How many "positive habits" articles do you need to read before you start taking action?
Here's the thing about forming positive habits: It is difficult. The things we know we should do, we don't--and the reason we don't is because they are challenging. They are not easy. They make us tired, or insist that we (gasp!) "think."
We don't do them because, in some sense, we fear that they will be as difficult as they feel now, forever.
But the thing is (and anyone who has ever pushed themselves knows this), difficult things get easier the more you do them. Even the really hard habits, the ones that constantly feel strenuous, in some sense get easier with time. And the reason is because you not only become more skilled in that area, but you also become more patient with yourself throughout the process.
Here are 3 essential habits everyone knows they should do, but tend not to. And here's exactly how you can get through the "difficult" phase and make them part of your daily routine.
If you're reading this right now, you are (in some sense) on the right track.
One of my favorite things to ask people is, "What was the last good book you read?" Most people are shocked, and I know the answer before they even say it: "Wow, I can't remember the last book I read." Sure, we read blogs, and tweets, and long-winded Facebook posts--but reading a book is different. Reading a book takes time, and patience, and especially when dealing with fiction versus nonfiction, both categories work different parts of your brain. Reading is essential.
I strive to read a book every other week. Two weeks is more than enough time to get through a roughly 300-page book.
The best way I have found to create a habit of reading is to have it take the place of your smart phone and "filler time" social media usage. Whether that means reading on your iPhone or keeping a book in your backpack or purse, every time you have a few free minutes, open your book. When you're waiting in line at the grocery store, open your book. When you are on the train, open your book. Anywhere and everywhere you would otherwise compulsively check your e-mail and Facebook notifications (the majority of which are not important), open your book.
You'll be amazed how quickly you move through material, and how much more stimulated your mind feels throughout the day. And, most important, reading will no longer feel like a chore. It will simply become a way to pass the time. A smarter escape, if you will.
2. Waking up early
This is the king of "habits I really should do, it's just that my bed is so comfortable."
If you're not a morning person, waking up early is horrible. It is not easy. It feels grueling, and you're fighting yourself all the way to the shower--and then once the hot water hits your head, you practically fall right back asleep then and there.
When most people try to instill this habit into their lives, they think it's all about "waking up early." It's actually about something else.
It's about going to bed earlier.
Sleep is the constant. There are only two variables you can change: You either go to bed earlier, or you wake up later.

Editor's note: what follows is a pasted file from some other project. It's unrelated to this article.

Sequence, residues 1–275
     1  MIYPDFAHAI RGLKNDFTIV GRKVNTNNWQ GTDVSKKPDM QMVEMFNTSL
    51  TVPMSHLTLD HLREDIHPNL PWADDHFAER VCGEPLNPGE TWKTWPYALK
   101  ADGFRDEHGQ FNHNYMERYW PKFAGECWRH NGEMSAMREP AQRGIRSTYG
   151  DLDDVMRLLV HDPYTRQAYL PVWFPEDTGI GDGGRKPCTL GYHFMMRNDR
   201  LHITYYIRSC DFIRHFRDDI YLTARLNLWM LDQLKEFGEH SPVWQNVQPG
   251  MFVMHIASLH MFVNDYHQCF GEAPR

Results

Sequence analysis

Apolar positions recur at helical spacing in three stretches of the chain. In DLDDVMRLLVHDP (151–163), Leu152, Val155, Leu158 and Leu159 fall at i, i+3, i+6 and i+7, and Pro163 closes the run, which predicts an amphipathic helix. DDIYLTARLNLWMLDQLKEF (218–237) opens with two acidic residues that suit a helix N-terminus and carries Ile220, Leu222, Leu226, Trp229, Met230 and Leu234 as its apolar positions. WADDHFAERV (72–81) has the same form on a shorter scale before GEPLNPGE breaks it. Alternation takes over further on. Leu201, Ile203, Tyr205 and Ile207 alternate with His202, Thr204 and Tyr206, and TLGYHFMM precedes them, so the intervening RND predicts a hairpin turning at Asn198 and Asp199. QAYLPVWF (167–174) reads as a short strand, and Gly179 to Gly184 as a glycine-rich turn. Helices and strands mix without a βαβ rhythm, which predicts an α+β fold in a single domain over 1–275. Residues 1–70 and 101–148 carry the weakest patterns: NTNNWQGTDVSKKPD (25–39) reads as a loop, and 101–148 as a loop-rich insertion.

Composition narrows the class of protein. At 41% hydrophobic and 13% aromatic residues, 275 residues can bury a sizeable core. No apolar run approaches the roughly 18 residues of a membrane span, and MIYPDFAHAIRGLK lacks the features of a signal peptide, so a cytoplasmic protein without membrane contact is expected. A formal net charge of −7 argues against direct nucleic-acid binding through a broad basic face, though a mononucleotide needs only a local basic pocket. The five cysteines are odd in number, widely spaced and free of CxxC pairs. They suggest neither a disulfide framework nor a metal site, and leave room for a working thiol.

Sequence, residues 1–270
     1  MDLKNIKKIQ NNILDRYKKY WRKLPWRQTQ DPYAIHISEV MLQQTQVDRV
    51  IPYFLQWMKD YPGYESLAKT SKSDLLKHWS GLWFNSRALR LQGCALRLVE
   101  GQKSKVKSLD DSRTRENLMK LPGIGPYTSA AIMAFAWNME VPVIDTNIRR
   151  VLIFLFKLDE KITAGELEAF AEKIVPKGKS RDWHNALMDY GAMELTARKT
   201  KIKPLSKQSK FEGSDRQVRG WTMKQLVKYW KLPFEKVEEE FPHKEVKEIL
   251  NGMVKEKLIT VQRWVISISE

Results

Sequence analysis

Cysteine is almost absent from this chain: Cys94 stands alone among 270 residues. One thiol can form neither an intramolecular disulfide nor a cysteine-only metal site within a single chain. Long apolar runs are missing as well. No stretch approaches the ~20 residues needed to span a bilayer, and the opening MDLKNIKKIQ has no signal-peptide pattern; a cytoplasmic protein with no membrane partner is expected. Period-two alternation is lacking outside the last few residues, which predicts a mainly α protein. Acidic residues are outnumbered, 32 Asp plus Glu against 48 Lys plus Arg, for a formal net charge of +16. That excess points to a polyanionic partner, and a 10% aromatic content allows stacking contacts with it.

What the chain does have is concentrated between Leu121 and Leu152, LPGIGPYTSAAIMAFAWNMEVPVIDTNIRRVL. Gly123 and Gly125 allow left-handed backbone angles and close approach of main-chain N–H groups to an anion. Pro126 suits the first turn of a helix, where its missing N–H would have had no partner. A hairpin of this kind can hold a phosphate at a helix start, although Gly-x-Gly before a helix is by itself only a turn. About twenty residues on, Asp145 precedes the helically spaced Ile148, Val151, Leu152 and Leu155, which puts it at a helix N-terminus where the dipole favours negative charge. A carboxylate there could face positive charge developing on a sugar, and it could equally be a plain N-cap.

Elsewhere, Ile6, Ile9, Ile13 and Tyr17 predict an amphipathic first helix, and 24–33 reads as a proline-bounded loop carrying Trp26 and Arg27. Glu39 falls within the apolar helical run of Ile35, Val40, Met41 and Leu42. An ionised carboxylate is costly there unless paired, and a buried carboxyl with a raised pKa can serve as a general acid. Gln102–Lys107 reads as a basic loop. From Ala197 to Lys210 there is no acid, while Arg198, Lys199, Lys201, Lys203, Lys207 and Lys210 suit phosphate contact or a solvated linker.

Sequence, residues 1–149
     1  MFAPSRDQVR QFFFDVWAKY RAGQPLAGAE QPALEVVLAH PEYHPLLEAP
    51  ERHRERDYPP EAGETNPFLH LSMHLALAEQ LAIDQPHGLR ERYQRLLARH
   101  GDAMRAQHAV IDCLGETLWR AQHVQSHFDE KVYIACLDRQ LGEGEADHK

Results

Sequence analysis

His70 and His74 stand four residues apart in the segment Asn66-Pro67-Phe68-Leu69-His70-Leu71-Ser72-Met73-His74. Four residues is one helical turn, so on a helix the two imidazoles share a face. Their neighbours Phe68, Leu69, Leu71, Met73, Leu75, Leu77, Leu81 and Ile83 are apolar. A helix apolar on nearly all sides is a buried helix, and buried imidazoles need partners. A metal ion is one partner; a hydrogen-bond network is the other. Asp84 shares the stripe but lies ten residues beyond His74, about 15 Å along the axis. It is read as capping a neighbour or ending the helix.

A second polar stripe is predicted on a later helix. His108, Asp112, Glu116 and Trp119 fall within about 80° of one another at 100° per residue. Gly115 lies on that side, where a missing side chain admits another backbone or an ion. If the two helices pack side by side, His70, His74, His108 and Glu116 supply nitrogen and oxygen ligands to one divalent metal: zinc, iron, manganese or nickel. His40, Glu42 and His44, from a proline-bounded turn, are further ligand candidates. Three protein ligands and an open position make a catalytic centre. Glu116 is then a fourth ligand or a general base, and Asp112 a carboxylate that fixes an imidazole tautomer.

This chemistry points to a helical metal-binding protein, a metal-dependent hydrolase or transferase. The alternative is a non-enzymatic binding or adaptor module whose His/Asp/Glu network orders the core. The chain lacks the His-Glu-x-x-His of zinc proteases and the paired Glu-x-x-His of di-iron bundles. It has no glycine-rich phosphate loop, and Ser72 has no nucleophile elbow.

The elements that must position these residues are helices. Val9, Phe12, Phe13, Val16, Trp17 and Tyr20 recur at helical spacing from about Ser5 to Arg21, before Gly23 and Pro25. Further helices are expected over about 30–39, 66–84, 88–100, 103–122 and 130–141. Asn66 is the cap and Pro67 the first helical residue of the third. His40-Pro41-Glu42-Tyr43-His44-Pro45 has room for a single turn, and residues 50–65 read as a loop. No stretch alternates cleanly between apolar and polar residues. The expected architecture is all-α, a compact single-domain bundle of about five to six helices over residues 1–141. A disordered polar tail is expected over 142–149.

If you want to create a successful early morning routine for yourself, it's much more about mastering the evening routine that comes before it. Slow yourself down an hour before bed. Read a book (see above) instead of browsing Instagram, so your eyes can relax. Meditate, or take a warm shower. Do activities that are intended to move you into sleep, so that you can wake up ready to go the next morning.
Where people tend to go wrong is they set their alarm for 5:30 a.m., but still go to bed at midnight. That's a disaster waiting to happen. And then of course, 5:30 rolls around, you're exhausted, you call yourself a failure, etc.
Focus on the night before--and stick with it. Nobody forms a habit after three days. It takes a bit. But once you do it for two or three weeks, it becomes your "normal," and suddenly waking up early isn't so difficult anymore. It's just "what you do."
Had to throw a curve ball in here.
Forgiveness. Compassion. Understanding. Patience. The act of listening and taking time to see life through someone else's eyes: For many, this is not easy.
What few seem to realize is that forgiveness and humble traits of the sort are not inherent. They don't just "happen." You have to practice them--no different than how you have to practice firing pucks at a hockey net to improve your wrist shot.
To be forgiving or compassionate, in a way, is a habit.
As soon as you start to think of it as something that you can consciously practice, your approach to it inherently changes. Suddenly, moments when you are frustrated or upset become opportunities to react differently.
I have witnessed many people in my life make the proclamation that they are going to "turn things around" or "be better listeners" and then fail to keep their word for longer than a day, or an afternoon, or even an hour. And the reason is simple: habits don't change overnight.
Your personality, the way you react to situations, and the energy you bring to the moment is the way it is because that's what you practice. Every day, in everything you do, that's what you practice--so if you want to change that, you have to practice something different.
But should you stick with it, and continue challenging yourself to step back, reflect, and react differently the next time, the easier it ultimately becomes--until eventually, it is simply "who you are."